Peer-to-Peer Affinity Group participants. Left to right: Jayselle Trancoso, Jason Thomas, Juanita Pope, Jury Martinez, Esther McCarthy, Tiffany Ellington. Photo courtesy of NPW. Photo courtesy of NPW
Nonprofit Westchester’s Peer-to-Peer Affinity Group supports local BIPOC business leaders in the 914.
As one of the county’s most active business membership groups, Nonprofit Westchester (NPW) has long been committed to advancing racial equity throughout Westchester County. But the need seemed to increase in 2020. The COVID-19 pandemic shined a glaring light on racial disparities in healthcare, workforce, and education and brought about an increase in public documentation of brutality against people of color. When the board members of NPW noticed a stark lack of racial equity within the nonprofit sector, they made it a point to act.
“Our member organizations noticed that racial equity needed to be advanced in order to do the work we do and serve the people we serve,” explains NPW executive director Jan Fisher. “For our organization, the original sin in this country that impacts all systems is racism, so we had to examine our own systems and see what we needed to do better.”
The organization took a close look at the work they’d done over the years, held a series of discussions with Black and Indigenous People of Color (BIPOC) leaders in the nonprofit space, and put its findings into a detailed report, titled Taking Action: Charting an Anti-Racist Path Forward in Westchester’s Nonprofit Sector. Following the release of the report in April 2022, they developed a course of action to effect change. One of the top priorities on the list: providing a space to support BIPOC nonprofit personnel to come together and become leaders in the sector.
That’s how the organization’s Peer-to-Peer Affinity Group for nonprofit personnel of color came to be. The affinity group — which is the first of its kind in the region — was created to support BIPOC individuals working in the nonprofit sector, regardless of their job titles or levels of experience. The group is championed by three local leaders — Lucria Ortiz, Dr. Alexandria Connally, and Michelle Nicholas — and each brings a special skillset and passion to the group. Together, they work to provide a safe and supportive space for individuals to share their experiences, discuss challenges, and most importantly, develop solutions.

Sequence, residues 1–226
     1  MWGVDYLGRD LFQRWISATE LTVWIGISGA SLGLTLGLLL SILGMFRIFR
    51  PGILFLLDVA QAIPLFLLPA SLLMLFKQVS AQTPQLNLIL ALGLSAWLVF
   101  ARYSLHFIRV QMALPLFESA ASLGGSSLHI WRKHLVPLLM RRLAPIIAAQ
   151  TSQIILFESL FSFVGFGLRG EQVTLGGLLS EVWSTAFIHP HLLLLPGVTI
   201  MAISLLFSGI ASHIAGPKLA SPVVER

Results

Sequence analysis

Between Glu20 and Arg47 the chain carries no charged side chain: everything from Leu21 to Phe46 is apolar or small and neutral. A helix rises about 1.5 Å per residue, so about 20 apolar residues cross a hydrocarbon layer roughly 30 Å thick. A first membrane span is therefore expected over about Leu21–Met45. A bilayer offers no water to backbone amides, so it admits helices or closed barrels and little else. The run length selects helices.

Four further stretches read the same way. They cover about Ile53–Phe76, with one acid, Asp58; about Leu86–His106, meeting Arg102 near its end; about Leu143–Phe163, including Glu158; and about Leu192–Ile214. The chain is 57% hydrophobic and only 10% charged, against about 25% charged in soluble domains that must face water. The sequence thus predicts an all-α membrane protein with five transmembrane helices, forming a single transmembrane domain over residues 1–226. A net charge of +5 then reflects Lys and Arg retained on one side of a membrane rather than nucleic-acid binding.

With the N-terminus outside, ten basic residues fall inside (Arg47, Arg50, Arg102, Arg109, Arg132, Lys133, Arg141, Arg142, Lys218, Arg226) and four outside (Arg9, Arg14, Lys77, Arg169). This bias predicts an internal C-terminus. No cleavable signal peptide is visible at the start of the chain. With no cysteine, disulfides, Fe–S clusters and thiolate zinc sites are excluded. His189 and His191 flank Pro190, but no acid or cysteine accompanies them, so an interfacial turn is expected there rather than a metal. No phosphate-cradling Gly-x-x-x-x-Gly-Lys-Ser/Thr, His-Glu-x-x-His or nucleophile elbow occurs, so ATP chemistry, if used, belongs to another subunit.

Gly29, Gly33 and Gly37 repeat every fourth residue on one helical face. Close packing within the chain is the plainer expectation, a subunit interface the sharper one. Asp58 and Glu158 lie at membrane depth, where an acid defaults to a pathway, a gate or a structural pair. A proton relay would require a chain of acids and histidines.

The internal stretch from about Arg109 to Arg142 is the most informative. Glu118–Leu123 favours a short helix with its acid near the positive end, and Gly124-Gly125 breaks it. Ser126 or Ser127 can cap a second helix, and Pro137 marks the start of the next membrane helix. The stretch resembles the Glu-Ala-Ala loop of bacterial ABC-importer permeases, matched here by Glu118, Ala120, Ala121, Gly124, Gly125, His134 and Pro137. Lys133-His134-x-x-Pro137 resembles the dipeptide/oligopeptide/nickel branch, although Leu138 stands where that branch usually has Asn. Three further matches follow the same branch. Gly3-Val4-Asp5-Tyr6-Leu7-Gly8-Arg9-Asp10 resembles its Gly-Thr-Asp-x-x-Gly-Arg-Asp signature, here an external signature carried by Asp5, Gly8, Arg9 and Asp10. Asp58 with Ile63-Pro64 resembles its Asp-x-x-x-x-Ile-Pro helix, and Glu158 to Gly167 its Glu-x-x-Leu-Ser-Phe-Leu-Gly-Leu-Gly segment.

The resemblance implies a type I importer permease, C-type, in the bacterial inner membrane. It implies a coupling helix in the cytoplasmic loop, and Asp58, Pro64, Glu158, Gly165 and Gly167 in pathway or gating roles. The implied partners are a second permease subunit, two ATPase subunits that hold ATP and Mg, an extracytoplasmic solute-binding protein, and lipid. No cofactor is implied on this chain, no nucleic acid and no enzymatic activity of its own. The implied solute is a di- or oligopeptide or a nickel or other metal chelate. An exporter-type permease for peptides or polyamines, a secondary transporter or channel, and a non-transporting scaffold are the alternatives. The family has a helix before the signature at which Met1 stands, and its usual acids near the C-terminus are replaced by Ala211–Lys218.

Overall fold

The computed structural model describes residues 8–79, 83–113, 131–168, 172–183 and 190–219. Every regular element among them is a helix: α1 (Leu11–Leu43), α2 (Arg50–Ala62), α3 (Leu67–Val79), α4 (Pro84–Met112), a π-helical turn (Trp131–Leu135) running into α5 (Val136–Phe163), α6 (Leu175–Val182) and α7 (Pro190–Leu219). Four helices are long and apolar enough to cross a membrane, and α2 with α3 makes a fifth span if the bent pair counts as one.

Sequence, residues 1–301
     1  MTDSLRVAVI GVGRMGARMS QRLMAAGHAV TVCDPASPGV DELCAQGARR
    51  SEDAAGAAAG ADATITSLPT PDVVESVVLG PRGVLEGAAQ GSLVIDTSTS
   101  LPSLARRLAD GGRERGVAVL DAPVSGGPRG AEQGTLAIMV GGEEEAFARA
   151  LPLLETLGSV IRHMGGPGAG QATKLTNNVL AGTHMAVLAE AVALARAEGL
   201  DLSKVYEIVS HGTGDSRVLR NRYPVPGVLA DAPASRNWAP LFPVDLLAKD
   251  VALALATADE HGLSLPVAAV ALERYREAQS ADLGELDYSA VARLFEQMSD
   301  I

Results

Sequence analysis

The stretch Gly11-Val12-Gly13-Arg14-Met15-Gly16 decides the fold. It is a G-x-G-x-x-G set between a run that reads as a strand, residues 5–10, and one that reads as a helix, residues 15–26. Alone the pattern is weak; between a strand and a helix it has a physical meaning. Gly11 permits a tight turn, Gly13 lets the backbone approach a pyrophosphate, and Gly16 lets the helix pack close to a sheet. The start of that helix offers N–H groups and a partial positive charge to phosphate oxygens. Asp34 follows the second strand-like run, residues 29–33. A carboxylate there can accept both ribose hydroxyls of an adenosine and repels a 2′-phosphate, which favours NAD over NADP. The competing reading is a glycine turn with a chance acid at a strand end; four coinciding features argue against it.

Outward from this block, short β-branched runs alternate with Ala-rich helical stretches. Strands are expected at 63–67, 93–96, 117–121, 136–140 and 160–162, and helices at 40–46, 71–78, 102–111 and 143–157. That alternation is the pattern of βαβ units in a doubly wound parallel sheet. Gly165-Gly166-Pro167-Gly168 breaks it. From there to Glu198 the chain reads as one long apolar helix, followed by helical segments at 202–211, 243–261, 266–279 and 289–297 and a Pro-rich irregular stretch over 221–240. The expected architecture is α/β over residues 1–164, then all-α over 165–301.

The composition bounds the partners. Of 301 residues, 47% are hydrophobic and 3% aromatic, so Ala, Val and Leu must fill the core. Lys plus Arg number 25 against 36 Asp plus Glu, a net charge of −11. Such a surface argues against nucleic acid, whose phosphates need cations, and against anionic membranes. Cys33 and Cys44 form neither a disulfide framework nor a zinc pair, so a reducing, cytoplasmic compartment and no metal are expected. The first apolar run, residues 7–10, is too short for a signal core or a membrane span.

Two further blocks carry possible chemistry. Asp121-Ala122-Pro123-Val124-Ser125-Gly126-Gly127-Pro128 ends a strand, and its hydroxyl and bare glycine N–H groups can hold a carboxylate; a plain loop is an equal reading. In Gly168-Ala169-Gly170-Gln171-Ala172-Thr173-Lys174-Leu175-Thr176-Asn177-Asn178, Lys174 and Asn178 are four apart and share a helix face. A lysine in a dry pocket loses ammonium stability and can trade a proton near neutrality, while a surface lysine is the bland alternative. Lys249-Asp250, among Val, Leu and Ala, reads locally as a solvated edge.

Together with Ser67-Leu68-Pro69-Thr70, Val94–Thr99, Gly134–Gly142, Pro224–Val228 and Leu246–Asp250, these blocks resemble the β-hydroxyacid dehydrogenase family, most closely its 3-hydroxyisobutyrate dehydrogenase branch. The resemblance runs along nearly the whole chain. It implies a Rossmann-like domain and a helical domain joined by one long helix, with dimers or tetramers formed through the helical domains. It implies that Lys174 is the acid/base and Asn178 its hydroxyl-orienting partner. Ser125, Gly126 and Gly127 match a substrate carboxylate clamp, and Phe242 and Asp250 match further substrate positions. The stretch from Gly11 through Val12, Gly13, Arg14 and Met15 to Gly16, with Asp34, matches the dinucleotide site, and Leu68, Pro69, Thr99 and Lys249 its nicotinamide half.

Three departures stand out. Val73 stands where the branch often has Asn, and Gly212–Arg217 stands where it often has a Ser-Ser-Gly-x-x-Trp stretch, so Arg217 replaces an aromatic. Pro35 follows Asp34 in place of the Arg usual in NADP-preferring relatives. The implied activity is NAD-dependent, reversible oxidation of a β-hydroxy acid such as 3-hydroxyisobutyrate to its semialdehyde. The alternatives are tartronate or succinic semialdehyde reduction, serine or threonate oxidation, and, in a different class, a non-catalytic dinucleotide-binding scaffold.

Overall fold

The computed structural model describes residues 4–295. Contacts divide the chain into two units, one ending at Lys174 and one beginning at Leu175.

Currently, the group meets every other month, and meetings draw 40 to 80 participants. The gatherings are designed to give everyone in attendance the opportunity to feel connection, build trust, and share their perspectives. The group’s organizers first facilitate a safe and supportive environment through ice breakers and other social interaction. Then, members break out into small groups to share personal experiences related to a specific topic of the day. After the breakout sessions, they regroup for further discussion and collaboration on how to navigate around the barriers they regularly face.
Ortiz, who is president and CEO of the Yonkers Family YMCA and chairperson of the Peer-to-Peer group, echoes the importance of creating such a space. “Too often in the nonprofit world, our leaders are in spaces where there isn’t a lot of representation. Navigating spaces like that can present a lot of challenges,” she explains. There’s also an enormous value in bringing together the thought leadership of people of color. “There are a lot of great thought leaders and subject matter experts in the room at each meeting,” Ortiz adds. “Providing this space where everyone can collaborate and exchange ideas helps them to advance their leadership but also advance our sector overall.”
It’s no surprise that there is much to be discussed at group meetings. Discussion topics are developed based on the needs and interests of the group. While industry hot topics surrounding diversity and inclusion are brought to the table, much of the discussion planning happens naturally.
“Every single time I go to Peer-to-Peer and someone comes to me and says ‘This has been so helpful,’ ‘Thank you,’ or ‘This has helped me to be free,’ it’s amazing.”
—Michelle Nicholas, Senior Vice President, Chief Diversity Officer and Director of Community Development for PCSB Bank
“Often, we’ll be focusing on a specific topic, and that will unearth another topic, so we may center the discussion for the following meeting around that topic. We like to pull organically from the group as things arise,” Ortiz notes. To date, they’ve covered workplace bias, microaggressions, systemic racism, racial trauma, colorism, imposter syndrome, and racial anxiety.